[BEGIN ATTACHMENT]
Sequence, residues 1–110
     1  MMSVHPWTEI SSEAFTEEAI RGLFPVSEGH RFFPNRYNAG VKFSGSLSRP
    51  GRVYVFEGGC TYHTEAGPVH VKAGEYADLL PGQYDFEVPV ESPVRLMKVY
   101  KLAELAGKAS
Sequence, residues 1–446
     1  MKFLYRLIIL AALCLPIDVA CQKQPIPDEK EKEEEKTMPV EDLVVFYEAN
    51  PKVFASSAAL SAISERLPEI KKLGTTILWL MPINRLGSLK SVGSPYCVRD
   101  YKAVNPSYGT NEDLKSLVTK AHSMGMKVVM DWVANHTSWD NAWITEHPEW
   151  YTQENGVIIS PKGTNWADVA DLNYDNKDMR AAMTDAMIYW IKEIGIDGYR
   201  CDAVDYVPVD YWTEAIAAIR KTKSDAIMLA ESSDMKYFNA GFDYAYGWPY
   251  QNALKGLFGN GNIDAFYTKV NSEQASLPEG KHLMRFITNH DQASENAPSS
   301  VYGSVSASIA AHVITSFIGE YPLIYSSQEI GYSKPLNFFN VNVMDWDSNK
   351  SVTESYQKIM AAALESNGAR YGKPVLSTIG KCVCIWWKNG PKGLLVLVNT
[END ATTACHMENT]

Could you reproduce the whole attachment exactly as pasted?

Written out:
Sequence, residues 1–110
     1  MMSVHPWTEI SSEAFTEEAI RGLFPVSEGH RFFPNRYNAG VKFSGSLSRP
    51  GRVYVFEGGC TYHTEAGPVH VKAGEYADLL PGQYDFEVPV ESPVRLMKVY
   101  KLAELAGKAS
Sequence, residues 1–446
     1  MKFLYRLIIL AALCLPIDVA CQKQPIPDEK EKEEEKTMPV EDLVVFYEAN
    51  PKVFASSAAL SAISERLPEI KKLGTTILWL MPINRLGSLK SVGSPYCVRD
   101  YKAVNPSYGT NEDLKSLVTK AHSMGMKVVM DWVANHTSWD NAWITEHPEW
   151  YTQENGVIIS PKGTNWADVA DLNYDNKDMR AAMTDAMIYW IKEIGIDGYR
   201  CDAVDYVPVD YWTEAIAAIR KTKSDAIMLA ESSDMKYFNA GFDYAYGWPY
   251  QNALKGLFGN GNIDAFYTKV NSEQASLPEG KHLMRFITNH DQASENAPSS
   301  VYGSVSASIA AHVITSFIGE YPLIYSSQEI GYSKPLNFFN VNVMDWDSNK
   351  SVTESYQKIM AAALESNGAR YGKPVLSTIG KCVCIWWKNG PKGLLVLVNT